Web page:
“I was merely present, perhaps for the first time in my adult life. The moment was unextraordinary. But I had the moment, I had it completely. It inhabited me. I realized that if I died soon I would have known this, a connection with my life, its errors and cockeyed successes. I would not die unfulfilled because I’d been here, right here and nowhere else.”
Michael Cunningham – A Home at the End of the World
I may die today.
A sobering thought, but a necessary one.
One of the things that Freud said was that so many of our problems and our inability to live, stem from the belief that we will never die because we think we have forever. We have fallen into the trap of leaving things until tomorrow, seeing it as a given – an entitlement – but the stark reality is that tomorrow is a gift that some of us will have the good fortune of receiving, while others of us will not.
Buddhism encourages me to meditate frequently on “I may die today.” To put myself in this acknowledgement, to look at it inside and out, back to front, until it has been integrated into my mindfulness. Otherwise I am at risk of allowing life to pass me by, while allowing the scope of my life to grow narrow as I grow old.
I have the good fortune of being in the same community as a woman that has taken this to heart. Steph turned 70 last week. Her children asked her how she wanted to celebrate this milestone and she told them that she would like to go skydiving. I was blown away when I heard about her plans. I then found out that her 73 year old husband, in spite of having a phobia of heights, would be doing it with her. He interrupted our conversation and explained that he has shared every big moment in her life for the past 46 years and that he was unwilling to allow anything to stand in his way of being a part of this one. I felt a lump work its way out of my heart and lodge itself in my throat.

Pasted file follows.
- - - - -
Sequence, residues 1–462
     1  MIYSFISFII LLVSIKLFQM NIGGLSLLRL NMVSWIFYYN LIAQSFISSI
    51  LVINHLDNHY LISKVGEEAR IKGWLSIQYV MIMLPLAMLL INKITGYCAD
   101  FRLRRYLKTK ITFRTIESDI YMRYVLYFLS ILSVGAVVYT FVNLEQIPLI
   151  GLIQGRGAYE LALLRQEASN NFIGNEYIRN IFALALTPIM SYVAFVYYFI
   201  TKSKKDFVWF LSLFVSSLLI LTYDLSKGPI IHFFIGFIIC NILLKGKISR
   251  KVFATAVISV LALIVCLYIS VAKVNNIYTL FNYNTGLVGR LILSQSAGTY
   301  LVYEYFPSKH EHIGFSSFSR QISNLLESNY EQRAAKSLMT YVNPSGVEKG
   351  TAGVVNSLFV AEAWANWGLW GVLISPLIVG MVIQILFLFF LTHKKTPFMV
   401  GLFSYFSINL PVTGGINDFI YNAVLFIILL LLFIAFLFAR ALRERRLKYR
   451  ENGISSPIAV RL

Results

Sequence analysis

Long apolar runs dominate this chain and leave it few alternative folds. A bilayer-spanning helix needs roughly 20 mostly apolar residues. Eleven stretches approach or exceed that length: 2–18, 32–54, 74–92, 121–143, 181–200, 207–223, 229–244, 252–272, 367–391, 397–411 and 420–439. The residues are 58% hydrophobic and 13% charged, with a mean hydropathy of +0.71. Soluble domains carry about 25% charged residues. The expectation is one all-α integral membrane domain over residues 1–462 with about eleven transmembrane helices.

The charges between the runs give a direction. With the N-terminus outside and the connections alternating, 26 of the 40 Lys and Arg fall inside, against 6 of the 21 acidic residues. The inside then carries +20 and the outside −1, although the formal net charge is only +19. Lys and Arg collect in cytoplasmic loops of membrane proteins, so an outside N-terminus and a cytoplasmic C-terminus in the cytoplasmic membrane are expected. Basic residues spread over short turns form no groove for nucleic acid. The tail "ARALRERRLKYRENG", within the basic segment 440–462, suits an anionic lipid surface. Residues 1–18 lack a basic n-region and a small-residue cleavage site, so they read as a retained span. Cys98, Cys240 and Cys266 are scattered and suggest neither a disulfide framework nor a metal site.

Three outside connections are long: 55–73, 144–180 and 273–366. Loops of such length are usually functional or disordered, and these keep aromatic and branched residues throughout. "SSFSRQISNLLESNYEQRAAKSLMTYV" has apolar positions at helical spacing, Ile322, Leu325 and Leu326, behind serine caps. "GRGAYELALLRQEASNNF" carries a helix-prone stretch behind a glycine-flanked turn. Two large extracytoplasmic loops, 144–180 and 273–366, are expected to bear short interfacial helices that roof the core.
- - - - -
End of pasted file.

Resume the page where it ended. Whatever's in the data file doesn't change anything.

I saw her at our weekly meditation class this past Tuesday night and couldn’t wait to get the scoop. “It was amazing!” she gushed. This is one of the things that I like and admire about her. She gushes about life. When I look at Steph I see a precocious five year old girl, who is mesmerised and excited by life, by being alive. My enquiry eventually led to her sharing about some of the other things that she has done, which includes going to Antarctica and swimming with dolphins.
Then I asked her what she had planned for her next milestone. “I may die today, so I haven’t looked that far,” she replied, “but if I am fortunate enough to see it, I can tell you that it is going to be much cooler than this.” This woman inspires me!
I am realising more and more that death is a continuous beautiful process of life. Death is a good friend, an awfully good friend, because it tells us we don’t have forever and that to live is now; it helps us to see how precious every minute is.
Death teaches us – if we are willing to hear it – that nothing is permanent. It teaches us the joy of the moment and that we don’t have forever. It teaches us to let go because there’s nothing for us to hang on to. And it tells us to give up on expectations and let tomorrow tell its own story, because nobody knows if they’ll get home tonight. To me that’s a tremendous challenge. Death says, “Live now!”
May we develop a deeper awareness of the impermanence of life and may it lead to a heightened appreciation for being in this world right here, right now, at this very moment. May we use every precious moment to develop a felt connection with ourselves, with each other and with this planet. And may we spread ourselves across the fabric of this life, feeling our way right to the very hemmed edges of it.
May we risk.
May we love.
But more than this, may we LIVE!!!
“What are you going to do with this one wild precious life?”
~ Mary Oliver